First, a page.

"Alright Amanda. You win again." Rachel sighed. "We do this your way: we give our tablets to the Professor, and let the University organise an expedition."
Amanda reached forward and took her hand.
"It's the best way. You're doing the right thing."
Rachel shrugged. "At least this way the tablet's out of my hands. I'm getting a little too much... attention, anyway."
"If these people won't leave you alone, we go to the police."
"You're right." Rachel smiled and looked up. "Thanks Amanda, and... sorry. You know, I just got carried away, thinking...."
"I know, I know." Amanda smiled. "I've done a few crazy things myself."
"Now that," Rachel said, standing up, "is something I'd like to hear all about. But first, I'm going to pay the check. This was on me, remember?"
Amanda watched Rachel disappear out of sight. At last, everything was out in the open. She had talked some sense into Rachel; hopefully things would turn out for the best, and they could still be friends.
Roger arrived and cleared the table. He retreated, arms full of plates, as Rachel returned with a glass in each hand.
"What's that?" said Amanda.
"We're going to Mexico - with the University - so the cultural research starts now."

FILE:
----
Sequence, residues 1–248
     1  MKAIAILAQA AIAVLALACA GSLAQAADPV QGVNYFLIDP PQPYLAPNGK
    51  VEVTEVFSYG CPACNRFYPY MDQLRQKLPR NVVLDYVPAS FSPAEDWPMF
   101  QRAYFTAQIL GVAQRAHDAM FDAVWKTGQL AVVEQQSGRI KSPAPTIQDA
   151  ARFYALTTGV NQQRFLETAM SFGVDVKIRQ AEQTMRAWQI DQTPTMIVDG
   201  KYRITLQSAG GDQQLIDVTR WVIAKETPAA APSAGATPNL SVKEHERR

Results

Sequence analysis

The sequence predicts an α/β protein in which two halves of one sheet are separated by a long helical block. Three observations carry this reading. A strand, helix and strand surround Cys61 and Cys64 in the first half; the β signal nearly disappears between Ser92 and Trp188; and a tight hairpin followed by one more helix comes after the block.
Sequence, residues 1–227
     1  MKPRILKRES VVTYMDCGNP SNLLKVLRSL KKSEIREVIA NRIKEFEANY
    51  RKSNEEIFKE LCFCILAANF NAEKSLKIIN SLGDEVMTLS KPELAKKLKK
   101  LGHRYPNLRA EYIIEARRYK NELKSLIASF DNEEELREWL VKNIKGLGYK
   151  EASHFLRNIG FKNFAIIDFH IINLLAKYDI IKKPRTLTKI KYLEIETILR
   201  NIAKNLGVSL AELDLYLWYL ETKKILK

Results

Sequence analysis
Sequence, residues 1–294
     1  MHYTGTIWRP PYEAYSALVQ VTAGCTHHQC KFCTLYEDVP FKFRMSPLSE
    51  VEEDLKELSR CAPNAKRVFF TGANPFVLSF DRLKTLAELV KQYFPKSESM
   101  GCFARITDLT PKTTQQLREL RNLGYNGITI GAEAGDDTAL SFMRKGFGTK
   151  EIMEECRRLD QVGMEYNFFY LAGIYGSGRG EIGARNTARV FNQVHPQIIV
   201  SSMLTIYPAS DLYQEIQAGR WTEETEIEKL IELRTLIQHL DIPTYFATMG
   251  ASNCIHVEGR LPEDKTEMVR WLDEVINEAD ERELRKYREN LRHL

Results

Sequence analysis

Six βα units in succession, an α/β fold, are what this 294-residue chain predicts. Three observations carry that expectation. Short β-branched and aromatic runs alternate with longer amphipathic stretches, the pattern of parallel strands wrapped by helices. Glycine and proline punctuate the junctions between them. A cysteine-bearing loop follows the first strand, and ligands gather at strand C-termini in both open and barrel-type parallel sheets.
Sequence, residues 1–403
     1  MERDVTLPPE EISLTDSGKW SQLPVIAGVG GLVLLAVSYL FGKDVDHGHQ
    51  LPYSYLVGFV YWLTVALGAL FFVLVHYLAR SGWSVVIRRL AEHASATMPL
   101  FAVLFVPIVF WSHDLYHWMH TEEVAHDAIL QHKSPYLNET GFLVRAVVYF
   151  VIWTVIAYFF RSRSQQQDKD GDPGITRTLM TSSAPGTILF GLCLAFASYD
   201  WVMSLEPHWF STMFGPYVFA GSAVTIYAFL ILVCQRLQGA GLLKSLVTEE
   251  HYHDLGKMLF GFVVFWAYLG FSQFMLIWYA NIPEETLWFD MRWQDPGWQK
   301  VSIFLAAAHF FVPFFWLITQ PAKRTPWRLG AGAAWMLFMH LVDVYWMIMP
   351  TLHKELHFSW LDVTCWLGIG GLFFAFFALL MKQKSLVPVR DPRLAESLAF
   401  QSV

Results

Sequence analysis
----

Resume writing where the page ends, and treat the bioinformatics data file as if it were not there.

She offered Amanda a glass. "This," she grinned, "is a Tequila Slammer."
Amanda took the glass: there was salt around the rim and a piece of lime clung to it.
"I don't want to get drunk, Rachel," Amanda protested, "I have class in the morning."
"Come on! It's just one for the road," Rachel insisted. "Now - watch what I do."
She licked the salt from the rim, placed her hand over the top of the glass, and slammed it on the table. The drink fizzed violently. "Down the hatch!" said Rachel and gulped it in one go; finally, she placed the lime in her mouth and bit down. She grimaced, then nodded at Amanda expectantly.
Amanda decided there was little harm in one drink. She copied Rachel, licking the salt, banging the glass and downing it in one. The drink was very salty; she was grateful for the lime to take away the taste.
"Atta girl!" Rachel laughed.
Amanda felt happy to regain Rachel's approval. "You know, Rachel," she said, "I really think this is going to work out. You'll see."
"I know, I know. I think I should just accept that you're always right, Amanda Jones."
Amanda pulled her phone from her back pocket and glanced at the screen. The time was already after eleven.
"Let's go." Amanda rose from the table, wobbling slightly. Whoa, those Tequila Slammers were strong stuff!